In the age of the iPhone, I often find myself reaching into my pocket to locate the recesses of my memory. I believe I had had the occasion before to sample Nine Suns, but regardless, finding them at this event was a revelation. Here Jason Chang, another Melka client, generously poured his 2012 Nine Suns Red Wine, a modestly titled Meritage of Cabernet Sauvignon, Cabernet Franc, Merlot, Malbec, and Petit Verdot from their estate’s Houyi Vineyard.

The devastating North Coast fires in 2017 destroyed much of Atlas Peak but mostly spared Krupp Brothers’ fabled Stagecoach Vineyard, sold earlier to Gallo, which straddles Pritchard Hill. And with grapes from these plantings comprising their 2017 Synchrony Napa Valley, no hint smoke taint seemed apparent.

The acquisition of Stagecoach may have been the most startling deal of 2017, yet for those of us who dabble in winery M&A, the sale of Robert Mondavi to Constellation 15 years ago still reverberates. In its stead, Tim Mondavi and his sister Marcia, along with their legendary father, set out to build an even more extraordinary estate atop Pritchard. Continuum has become a marvel to behold, with exceptional wines to match. Its current release the 2016 Continuum, a masterful blend of 46% Cabernet Sauvignon, 31% Cabernet Franc, 18% Petit Verdot, and 5% Merlot was as marvelous as any vintage of this wine I have previously sampled, while the 2017 Estate PNV Red Wine, their exclusive Première bottling, balanced with 72% Cabernet Sauvignon, 17% Cabernet Franc, 9% Merlot, and 2% Petit Verdot.

I concluded this session with my introduction to Bryant Estate, another of Pritchard Hill’s discreet cult producers. With 80% Cabernet Sauvignon, the 2012 Bettina Proprietary Red Blend could easily have been  labeled a single varietal, though perhaps in deference its indescribably wondrous 2013 Bryant Family Vineyard Cabernet Sauvignon, it kept its more modest moniker.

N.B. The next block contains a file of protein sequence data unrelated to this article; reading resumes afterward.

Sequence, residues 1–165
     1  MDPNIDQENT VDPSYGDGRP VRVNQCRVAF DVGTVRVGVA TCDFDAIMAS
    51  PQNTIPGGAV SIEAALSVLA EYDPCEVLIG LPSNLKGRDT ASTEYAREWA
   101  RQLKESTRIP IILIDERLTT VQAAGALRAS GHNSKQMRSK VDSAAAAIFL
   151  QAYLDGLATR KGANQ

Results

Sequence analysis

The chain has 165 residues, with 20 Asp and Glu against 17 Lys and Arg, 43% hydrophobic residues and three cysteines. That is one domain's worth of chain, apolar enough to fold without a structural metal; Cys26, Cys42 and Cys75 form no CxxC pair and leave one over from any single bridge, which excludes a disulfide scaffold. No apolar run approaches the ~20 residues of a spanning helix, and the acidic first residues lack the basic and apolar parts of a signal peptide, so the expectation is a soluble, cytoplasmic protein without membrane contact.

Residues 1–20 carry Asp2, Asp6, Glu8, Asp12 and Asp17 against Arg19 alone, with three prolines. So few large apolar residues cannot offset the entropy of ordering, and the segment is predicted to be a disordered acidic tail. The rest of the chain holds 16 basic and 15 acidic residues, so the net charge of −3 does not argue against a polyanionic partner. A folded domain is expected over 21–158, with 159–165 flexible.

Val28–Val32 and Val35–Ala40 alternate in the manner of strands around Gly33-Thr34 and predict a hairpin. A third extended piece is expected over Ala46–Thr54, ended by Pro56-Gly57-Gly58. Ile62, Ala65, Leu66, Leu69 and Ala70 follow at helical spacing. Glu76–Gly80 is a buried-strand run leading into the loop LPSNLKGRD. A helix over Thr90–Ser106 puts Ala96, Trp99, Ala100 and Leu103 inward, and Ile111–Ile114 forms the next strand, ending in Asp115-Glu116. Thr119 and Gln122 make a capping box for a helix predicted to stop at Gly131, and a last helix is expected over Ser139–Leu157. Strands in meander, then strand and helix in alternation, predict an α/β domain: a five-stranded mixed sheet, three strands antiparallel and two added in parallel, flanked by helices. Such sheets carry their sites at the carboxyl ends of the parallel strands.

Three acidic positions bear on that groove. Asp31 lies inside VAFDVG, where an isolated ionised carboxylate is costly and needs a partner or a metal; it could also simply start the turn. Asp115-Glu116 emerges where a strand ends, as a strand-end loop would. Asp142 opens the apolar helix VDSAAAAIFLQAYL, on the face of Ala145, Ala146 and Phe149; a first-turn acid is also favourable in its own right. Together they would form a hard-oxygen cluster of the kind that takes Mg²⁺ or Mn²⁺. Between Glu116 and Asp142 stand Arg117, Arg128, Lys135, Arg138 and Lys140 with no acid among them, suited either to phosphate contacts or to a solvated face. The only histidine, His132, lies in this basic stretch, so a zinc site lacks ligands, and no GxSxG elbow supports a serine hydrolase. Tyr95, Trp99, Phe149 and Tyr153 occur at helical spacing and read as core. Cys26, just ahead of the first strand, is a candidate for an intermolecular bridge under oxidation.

My friend Helen Keplinger had previously been winemaker at Bryant before moving onto Grace Family Vineyards, another cult classic that so far has eluded me. For that matter, so has Villa del Lago, Vérité, Patrimony, Sine Qua Non, and Ghost Horse’s Apparition, Spectre, and Premonition. But now Sostevinobile has made it to the top of the hill, the rest are within easy sight.

Erect a fence to protect our border!

Don’t fret. Your West Coast Oenophile hasn’t turned xenophobic. It just seems that Sostevinobile might have to ratchet things up a notch or two to stifle the insidious infiltration of foreign wine into the West Coast. Not the stuff they vint in Italy or France or Spain—or even esoteric bottlings from Moldavia or Bulgaria—but from places like Georgia.

Rkatsiteli

Obscurant linguists aptly think of Georgia as საქართველო, the jewel of the Caucasus, known classically as Colchis, the land from where Jason purloined the Golden Fleece. Centuries later, this former Soviet republic gave the world იოსებ ბესარიონის ძე ჯუღაშვილი (Josef Stalin), while œnophiles recognize it as home to the renowned varietal რქაწითელი (Rkatsiteli), and, reputedly, viticulture itself. However, I am referring to the Georgia-on-My-Mind Peach State, along with the other 44 non-Pacific states seeking to export their viticultural pretenses into our highly esteemed realm.